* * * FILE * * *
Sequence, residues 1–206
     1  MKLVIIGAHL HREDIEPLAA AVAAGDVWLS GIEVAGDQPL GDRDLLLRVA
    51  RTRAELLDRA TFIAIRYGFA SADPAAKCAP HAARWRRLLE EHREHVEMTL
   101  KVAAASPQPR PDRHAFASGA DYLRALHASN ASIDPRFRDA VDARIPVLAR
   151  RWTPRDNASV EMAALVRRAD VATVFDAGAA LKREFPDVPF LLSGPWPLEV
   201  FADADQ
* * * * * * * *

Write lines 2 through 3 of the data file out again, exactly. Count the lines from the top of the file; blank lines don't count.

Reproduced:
     1  MKLVIIGAHL HREDIEPLAA AVAAGDVWLS GIEVAGDQPL GDRDLLLRVA
    51  RTRAELLDRA TFIAIRYGFA SADPAAKCAP HAARWRRLLE EHREHVEMTL